Infantile spasms is devastating, but there is hope as organizations like CURE Epilepsy fund research that could one day stop or prevent infantile spasms from ever wreaking havoc on our babies' brains. Science couldn't catch up to Adelaide, but I promised her that I wouldn't give up the fight.

Above, epilepsy advocate Kelly Cervantes with daughter Adelaide, son Jackson and husband Miguel Cervantes. Adelaide was diagnosed with infantile spasms when their family moved to Chicago where Miguel starred in "Hamilton: An American Musical." Read more about Adelaide's journey and the ongoing fight to end infantile spasms on Kelly's blog Inchstones at Photo credit: Lori Sapio

Early diagnosis is key

It is very important that infantile spasms are diagnosed early. If you suspect your baby may be having infantile spasms, talk to your pediatrician right away. Your child may need to be seen by a pediatric neurologist. If you can, try to video any episodes of your baby having a spasm and show this to your child's doctors.

You may be told to go to the emergency room so a pediatric neurologist can examine your child. Your child may have to be admitted to the hospital to have a test called video-electroencephalogram (EEG) monitoring. Video-EEG is needed to verify specific brain-wave patterns during the spasms and to document specific patterns in between the spasms. Pediatric neurologists look for a distinct EEG pattern called hypsarrhythmia. The seizures' appearance and EEG are so distinct that the diagnosis of infantile spasms can be made with certainty in most cases. Determining the cause of the spasms may be more difficult.

Causes of infantile spasms

There are many causes of infantile spasms; almost any brain abnormality or brain injury can cause them. More than 50 genetic/metabolic diseases are associated with infantile spasms, and many patients have other disorders that cause developmental delays (e.g., cerebral palsy, Down syndrome, tuberous sclerosis, etc.) prior to the onset of the spasms.

Determining the cause of infantile spasms is very important, because it affects treatment and prognosis.

Know the signs to ‘STOP’ Infantile Spasms.

Keep this easily remembered acronym in mind: 'STOP' Infantile Spasms.

Infantile Spasm STOP
  • See the signs: Clusters of sudden, repeated, uncontrolled movements like head bobs or body crunching.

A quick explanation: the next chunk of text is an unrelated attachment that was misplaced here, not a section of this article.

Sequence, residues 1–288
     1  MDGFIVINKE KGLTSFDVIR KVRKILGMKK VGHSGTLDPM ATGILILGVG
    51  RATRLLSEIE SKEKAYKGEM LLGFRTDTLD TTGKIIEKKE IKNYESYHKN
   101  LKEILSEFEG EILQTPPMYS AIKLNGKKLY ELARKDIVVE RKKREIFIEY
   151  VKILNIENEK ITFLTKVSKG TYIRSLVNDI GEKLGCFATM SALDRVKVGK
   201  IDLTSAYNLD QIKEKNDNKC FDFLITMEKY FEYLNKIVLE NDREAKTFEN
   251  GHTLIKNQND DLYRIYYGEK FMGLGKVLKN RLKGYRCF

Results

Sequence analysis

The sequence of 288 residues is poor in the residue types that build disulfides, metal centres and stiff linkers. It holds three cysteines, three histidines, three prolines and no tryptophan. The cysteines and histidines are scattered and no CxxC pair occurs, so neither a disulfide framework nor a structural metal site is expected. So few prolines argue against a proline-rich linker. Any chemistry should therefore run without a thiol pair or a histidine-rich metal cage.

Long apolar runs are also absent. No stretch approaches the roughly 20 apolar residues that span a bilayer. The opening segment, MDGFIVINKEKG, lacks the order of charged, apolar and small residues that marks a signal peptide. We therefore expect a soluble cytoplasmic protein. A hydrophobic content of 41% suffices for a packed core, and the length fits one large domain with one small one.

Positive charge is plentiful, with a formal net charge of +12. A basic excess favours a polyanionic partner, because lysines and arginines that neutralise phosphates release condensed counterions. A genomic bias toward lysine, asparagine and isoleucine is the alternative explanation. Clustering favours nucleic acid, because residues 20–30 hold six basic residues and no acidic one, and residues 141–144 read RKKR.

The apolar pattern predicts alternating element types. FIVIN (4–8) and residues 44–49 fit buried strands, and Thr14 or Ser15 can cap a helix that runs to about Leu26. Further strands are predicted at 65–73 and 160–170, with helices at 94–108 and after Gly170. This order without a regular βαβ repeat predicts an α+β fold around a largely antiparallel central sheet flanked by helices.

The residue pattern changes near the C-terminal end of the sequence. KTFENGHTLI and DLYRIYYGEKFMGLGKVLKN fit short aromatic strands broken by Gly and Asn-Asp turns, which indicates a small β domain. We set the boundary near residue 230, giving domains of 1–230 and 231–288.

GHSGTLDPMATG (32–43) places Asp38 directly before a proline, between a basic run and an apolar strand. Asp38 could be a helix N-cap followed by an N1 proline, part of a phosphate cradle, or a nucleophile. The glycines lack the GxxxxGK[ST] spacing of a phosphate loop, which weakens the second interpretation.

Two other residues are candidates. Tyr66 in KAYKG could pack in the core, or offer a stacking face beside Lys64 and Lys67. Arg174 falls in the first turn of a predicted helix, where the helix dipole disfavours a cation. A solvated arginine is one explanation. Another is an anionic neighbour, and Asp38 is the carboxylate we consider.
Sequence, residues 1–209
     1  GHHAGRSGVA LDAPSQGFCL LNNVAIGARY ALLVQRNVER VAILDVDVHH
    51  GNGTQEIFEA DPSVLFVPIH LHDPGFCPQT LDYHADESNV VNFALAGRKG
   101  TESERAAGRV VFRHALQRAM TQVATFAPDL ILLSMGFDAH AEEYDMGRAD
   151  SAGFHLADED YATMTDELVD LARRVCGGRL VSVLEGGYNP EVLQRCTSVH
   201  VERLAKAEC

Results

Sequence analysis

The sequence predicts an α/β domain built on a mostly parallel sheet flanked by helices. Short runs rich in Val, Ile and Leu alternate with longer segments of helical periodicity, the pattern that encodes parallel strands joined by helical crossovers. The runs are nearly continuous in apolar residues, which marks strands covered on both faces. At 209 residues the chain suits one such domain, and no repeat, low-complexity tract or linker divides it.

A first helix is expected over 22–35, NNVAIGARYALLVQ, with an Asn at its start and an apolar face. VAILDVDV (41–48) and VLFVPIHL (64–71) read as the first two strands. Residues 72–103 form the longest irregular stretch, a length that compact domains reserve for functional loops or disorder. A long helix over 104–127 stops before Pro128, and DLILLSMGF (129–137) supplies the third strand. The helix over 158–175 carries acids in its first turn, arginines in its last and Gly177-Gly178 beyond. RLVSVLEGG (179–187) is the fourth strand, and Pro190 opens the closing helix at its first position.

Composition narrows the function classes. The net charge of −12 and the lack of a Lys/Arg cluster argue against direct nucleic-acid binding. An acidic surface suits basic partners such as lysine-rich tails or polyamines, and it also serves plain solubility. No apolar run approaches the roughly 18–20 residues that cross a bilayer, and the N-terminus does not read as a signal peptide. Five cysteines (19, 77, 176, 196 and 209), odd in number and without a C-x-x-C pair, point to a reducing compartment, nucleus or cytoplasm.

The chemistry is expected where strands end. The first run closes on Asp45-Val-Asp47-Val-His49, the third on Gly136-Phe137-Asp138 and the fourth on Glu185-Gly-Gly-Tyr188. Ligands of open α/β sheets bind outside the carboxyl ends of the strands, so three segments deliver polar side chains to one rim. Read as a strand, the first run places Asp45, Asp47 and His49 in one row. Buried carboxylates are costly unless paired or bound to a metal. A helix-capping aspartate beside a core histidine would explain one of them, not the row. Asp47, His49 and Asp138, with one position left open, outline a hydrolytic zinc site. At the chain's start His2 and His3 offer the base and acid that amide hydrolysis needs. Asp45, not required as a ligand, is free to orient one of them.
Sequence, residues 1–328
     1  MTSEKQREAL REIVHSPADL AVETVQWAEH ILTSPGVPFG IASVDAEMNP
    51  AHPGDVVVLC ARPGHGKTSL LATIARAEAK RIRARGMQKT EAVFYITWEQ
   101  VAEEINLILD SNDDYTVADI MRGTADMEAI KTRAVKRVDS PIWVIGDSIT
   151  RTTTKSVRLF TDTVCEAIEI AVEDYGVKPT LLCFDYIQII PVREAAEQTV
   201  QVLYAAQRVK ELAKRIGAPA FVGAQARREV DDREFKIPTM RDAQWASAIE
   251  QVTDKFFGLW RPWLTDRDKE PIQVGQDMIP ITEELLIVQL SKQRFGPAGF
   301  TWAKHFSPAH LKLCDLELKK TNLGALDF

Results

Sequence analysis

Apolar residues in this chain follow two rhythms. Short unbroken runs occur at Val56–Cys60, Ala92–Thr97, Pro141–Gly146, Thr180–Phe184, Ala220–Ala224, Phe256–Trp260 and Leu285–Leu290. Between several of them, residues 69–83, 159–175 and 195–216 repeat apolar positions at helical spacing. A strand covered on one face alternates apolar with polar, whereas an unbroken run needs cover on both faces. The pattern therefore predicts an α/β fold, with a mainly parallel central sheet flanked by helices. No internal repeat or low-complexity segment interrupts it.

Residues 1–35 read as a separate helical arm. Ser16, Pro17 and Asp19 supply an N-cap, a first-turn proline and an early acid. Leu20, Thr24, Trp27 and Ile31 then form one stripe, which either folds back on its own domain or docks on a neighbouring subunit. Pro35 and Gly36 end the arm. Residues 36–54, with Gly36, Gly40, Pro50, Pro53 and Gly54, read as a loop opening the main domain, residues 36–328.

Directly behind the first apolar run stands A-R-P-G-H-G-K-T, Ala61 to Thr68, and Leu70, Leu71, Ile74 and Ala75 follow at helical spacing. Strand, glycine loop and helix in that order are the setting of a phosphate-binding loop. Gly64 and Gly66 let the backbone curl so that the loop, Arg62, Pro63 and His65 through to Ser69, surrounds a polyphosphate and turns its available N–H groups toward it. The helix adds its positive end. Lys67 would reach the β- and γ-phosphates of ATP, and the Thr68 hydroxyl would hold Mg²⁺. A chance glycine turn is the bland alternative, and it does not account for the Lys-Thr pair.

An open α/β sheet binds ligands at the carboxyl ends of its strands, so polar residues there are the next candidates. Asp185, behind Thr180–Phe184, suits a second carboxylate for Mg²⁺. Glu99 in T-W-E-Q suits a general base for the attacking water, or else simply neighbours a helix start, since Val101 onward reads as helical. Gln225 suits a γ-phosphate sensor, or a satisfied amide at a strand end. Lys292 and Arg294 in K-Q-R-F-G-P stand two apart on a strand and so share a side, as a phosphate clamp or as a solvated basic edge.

• Take a video: Record the symptoms and talk to your doctor immediately.
  • Obtain diagnosis: Confirm an irregular brain wave pattern with an EEG test.
  • Prioritize treatment: End spasms to minimize developmental delays

Treatment options

The American Academy of Neurology and the Child Neurology Society recommend adrenocorticotropic hormone (ACTH) as the first line of therapy for infantile spasms. This medication is given as a shot. The first doses are given in the hospital so your child can be closely watched for any side effects. Since your child will need to continue to get ACTH shots for about 6 weeks, you will be instructed on how to give your child the injections at home. The goals for this medication are to

  • Completely stop the infantile spasms.

  • Improve the abnormal EEG.

In some cases, pediatric neurologists prescribe the seizure medication vigabatrin. Both drugs work well, but your child's doctor will talk with you about which medicine may be the better choice for your child.

What is the outlook for children with infantile spasms?

Even if the infantile spasms stop, many children develop other kinds of epilepsy and have intellectual or other developmental disabilities later in life. If the treatment is prompt and successful, the outlook is brighter. Normal development is possible for those who were developing on track before the spasms started.

More Information

Editor's Note: The article was published in recognition of Infantile Spasms Awareness Week to help parents, as well as physicians and other health care providers, learn more about this disease and its treatments. Check out for more info.

Last Updated
American Academy of Pediatrics Section on Neurology (Copyright © 2023)
The information contained on this Web site should not be used as a substitute for the medical care and advice of your pediatrician. There may be variations in treatment that your pediatrician may recommend based on individual facts and circumstances.